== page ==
11. The economic impact of the Tanzania’s LNG project will depend heavily on the management of fiscal revenues. The experience of resource dependent economies shows that natural resources can be either a blessing or a curse depending on how they are managed. The positive potential of natural resources are obvious—investment and production stimulate economic activities (creates jobs and value added to the economy) and the revenue generated from exports could enable governments to invest in the future potential of the economy. If not managed well, natural resources could also have negative consequence, such as through the Dutch disease effect, macro-fiscal instability (e.g., due to volatility of commodity prices), corruption, and internal conflicts. For these reasons, it is important for the government of Tanzania to design a sound macro-fiscal framework that will ensure that the LNG revenues will be managed in a way that benefits the country and its citizens.

12. The macro-fiscal framework should aim to preserve short-term macroeconomic stability and long-term fiscal sustainability. The exhaustibility of gas reserves means that the gas revenues and capital built during the windfall through public investment will not be sustained. On the other hand, revenue volatility arising from international price fluctuations can cause macroeconomic instability (Berg et al, 2012). To address these concerns, the macro-fiscal framework should aim to balance saving and investment during the windfall and design a fiscal anchor that is based on either the non-resource balance or price-based rules.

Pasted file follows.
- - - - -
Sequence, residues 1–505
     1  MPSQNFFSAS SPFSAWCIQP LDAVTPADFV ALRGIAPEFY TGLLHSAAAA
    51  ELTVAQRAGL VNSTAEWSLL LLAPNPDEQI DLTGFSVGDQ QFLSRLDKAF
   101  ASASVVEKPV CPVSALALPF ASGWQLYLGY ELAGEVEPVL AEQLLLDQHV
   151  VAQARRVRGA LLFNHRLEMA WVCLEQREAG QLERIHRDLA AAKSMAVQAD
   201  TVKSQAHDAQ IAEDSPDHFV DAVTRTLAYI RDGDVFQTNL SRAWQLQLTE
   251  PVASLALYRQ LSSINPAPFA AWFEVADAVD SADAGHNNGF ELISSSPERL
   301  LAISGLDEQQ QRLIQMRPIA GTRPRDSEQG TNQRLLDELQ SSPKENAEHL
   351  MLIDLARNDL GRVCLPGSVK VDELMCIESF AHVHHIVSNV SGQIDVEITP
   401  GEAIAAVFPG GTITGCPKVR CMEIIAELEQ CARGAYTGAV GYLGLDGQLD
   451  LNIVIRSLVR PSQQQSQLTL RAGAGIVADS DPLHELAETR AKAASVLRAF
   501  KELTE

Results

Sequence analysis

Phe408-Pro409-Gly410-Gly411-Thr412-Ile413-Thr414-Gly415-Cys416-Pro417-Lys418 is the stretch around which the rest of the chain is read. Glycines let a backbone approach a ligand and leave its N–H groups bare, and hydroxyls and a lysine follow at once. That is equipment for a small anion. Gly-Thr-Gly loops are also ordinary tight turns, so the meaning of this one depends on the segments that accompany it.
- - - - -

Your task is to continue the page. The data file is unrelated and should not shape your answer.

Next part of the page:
13. A key policy decision facing the Tanzanian authorities, when gas revenue come onstream, will be the choice between saving and investment. A Permanent Income Hypothesis (PIH) based management of revenues would imply saving most of the revenues with the objective to smoothen spending or investment over time. While this approach provides a useful theoretical benchmark, it may not be practical for Tanzania since it does not take into account the need for scaling up investment to address the country's developmental gaps. On the other end of the savinginvestment spectrum, Tanzanian authorities could immediately utilize gas revenues for scaling up public investment. While this may yield short-term benefits in terms higher capital accumulation and growth, the outcome may not be sustainable as the economy will face instability, inefficiency, and Dutch disease effects (Berg et al, 2012 and IMF, 2013).11